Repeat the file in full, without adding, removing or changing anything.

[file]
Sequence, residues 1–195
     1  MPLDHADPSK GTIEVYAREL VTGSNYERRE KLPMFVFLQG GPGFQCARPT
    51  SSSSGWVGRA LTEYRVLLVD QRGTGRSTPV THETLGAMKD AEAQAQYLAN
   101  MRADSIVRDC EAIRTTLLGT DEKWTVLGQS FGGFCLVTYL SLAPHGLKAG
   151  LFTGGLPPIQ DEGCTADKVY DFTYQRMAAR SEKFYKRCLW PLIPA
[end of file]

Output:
Sequence, residues 1–195
     1  MPLDHADPSK GTIEVYAREL VTGSNYERRE KLPMFVFLQG GPGFQCARPT
    51  SSSSGWVGRA LTEYRVLLVD QRGTGRSTPV THETLGAMKD AEAQAQYLAN
   101  MRADSIVRDC EAIRTTLLGT DEKWTVLGQS FGGFCLVTYL SLAPHGLKAG
   151  LFTGGLPPIQ DEGCTADKVY DFTYQRMAAR SEKFYKRCLW PLIPA